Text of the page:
Note that when entering the Discarded stage from the Frozen stage, no event will be triggered, and the callback function cannot be specified. The callback function can only be specified when entering the Frozen stage.

resume event

The resume event is fired when the page leaves the Frozen stage and becomes the Active / Passive / Hidden stage.

The document.onresume property refers to the callback function called when the page leaves the Frozen stage and enters the available state.

function handleResume(e) {
  // handle state transition FROZEN -> ACTIVE
}
document.addEventListener("resume", handleResume);

# or
document.onresume = function() { … }

pageshow event

The pageshow event fires when the user loads the page. At this point, it may be a fresh page load, or it may be a page fetched from the cache. The event object’s event.persisted property is true if fetched from the cache, false otherwise.

The name of this event is a bit misleading, it has nothing to do with the visibility of the page, only changes to the browser’s History record.

pagehide event

The pagehide event is fired when the user leaves the current page and enters another page. Its premise is that the browser’s History record must change, regardless of whether the web page is visible or not.

The event.persisted property of the event object is true if the browser is able to add the current page to the cache for later reuse. if true. If the page is added to the cache, the page enters the Frozen state, otherwise it enters the Terminated state.

beforeunload event

The beforeunload event fires when the window or document is about to be unloaded. When this event occurs, the document is still visible, and the uninstall can still be canceled at this time. After this event, the web page enters the Terminated state.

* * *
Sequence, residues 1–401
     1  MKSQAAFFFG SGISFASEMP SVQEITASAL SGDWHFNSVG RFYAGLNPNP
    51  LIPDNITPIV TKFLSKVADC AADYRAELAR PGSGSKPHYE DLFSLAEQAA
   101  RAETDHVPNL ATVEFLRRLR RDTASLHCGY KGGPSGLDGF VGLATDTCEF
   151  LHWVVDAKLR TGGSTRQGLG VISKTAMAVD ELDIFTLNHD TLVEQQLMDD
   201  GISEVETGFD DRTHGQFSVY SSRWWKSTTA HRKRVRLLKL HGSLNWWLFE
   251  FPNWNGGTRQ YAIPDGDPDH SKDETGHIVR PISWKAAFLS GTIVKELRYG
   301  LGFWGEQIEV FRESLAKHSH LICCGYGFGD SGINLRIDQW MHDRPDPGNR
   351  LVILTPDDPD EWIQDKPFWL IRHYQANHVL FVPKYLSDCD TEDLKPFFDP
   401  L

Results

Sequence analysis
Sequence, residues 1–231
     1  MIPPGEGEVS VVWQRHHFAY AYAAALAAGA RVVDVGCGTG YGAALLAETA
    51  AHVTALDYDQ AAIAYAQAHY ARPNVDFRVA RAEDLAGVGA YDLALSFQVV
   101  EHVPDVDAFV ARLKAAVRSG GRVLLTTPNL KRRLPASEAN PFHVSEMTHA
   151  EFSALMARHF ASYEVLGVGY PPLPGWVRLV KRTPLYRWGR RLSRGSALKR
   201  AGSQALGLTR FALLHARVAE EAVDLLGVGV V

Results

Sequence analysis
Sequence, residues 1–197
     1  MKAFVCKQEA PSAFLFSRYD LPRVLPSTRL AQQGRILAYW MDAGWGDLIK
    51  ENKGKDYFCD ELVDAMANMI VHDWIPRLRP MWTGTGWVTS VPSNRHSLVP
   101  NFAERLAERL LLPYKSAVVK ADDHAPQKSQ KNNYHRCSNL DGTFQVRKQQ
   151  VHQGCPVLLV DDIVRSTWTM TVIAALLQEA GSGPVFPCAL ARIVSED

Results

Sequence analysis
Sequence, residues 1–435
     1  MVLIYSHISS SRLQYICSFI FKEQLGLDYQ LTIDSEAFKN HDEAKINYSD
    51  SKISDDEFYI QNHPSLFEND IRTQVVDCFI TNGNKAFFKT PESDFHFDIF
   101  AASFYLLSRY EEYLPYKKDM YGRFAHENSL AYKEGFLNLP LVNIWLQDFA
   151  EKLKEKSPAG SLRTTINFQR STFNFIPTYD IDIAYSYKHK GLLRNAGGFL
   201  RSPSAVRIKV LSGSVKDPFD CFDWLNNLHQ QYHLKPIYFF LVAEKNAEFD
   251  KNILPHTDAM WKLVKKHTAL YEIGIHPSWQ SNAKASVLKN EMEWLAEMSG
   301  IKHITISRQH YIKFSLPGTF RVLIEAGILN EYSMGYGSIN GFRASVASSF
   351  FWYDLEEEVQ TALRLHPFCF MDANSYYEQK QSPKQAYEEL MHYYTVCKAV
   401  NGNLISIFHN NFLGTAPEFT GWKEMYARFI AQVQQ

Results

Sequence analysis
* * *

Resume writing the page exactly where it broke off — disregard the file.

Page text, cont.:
unload event

The unload event fires when the page is unloading. After this event, the web page enters the Terminated state.

Get the current stage

If the web page is in Active, Passive or Hidden stage, the current state of the web page can be obtained through the following code.

const getState = () => {
  if (document.visibilityState === 'hidden') {
    return 'hidden';
  }
  if (document.hasFocus()) {
    return 'active';
  }
  return 'passive';
};

If the web page is in the Frozen and Terminated states, since the timer code will not be executed, the state can only be judged through event monitoring. In the Frozen stage, you can listen to the freeze event; in the Terminated stage, you can listen to the pagehide event.

document.wasDiscarded

If a tab is in the Frozen stage, it may be discarded by the system at any time and enter the Discarded stage. If the user later clicks the tab again, the browser reloads the page.

At this time, the developer can know whether the previous web page has been discarded by judging the document.wasDiscarded property.

if (document.wasDiscarded) {
  // The page is no longer in its original state and was once discarded by the browser
  // restore previous state
  getPersistedState(self.discardedClientId);
}

At the same time, two properties, window.clientId and window.discardedClientId, will be added to the window object to restore the state before discarding.

Reference link